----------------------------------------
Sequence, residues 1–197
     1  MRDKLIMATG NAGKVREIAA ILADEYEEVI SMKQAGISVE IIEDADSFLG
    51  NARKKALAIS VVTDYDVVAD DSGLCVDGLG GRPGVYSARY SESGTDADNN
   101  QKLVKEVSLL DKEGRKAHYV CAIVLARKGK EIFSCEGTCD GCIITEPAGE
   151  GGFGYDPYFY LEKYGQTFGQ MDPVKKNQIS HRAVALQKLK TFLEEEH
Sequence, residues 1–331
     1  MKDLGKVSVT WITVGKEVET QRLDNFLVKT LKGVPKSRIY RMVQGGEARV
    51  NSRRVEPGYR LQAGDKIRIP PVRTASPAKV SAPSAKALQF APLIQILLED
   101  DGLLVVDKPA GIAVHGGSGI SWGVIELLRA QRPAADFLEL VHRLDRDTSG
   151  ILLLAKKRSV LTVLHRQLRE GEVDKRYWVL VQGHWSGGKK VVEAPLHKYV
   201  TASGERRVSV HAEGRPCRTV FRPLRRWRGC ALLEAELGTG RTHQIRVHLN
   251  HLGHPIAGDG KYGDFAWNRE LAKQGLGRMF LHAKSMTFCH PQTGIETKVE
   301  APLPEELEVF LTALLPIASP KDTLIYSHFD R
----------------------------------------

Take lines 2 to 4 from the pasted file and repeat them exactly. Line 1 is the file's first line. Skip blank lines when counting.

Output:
     1  MRDKLIMATG NAGKVREIAA ILADEYEEVI SMKQAGISVE IIEDADSFLG
    51  NARKKALAIS VVTDYDVVAD DSGLCVDGLG GRPGVYSARY SESGTDADNN
   101  QKLVKEVSLL DKEGRKAHYV CAIVLARKGK EIFSCEGTCD GCIITEPAGE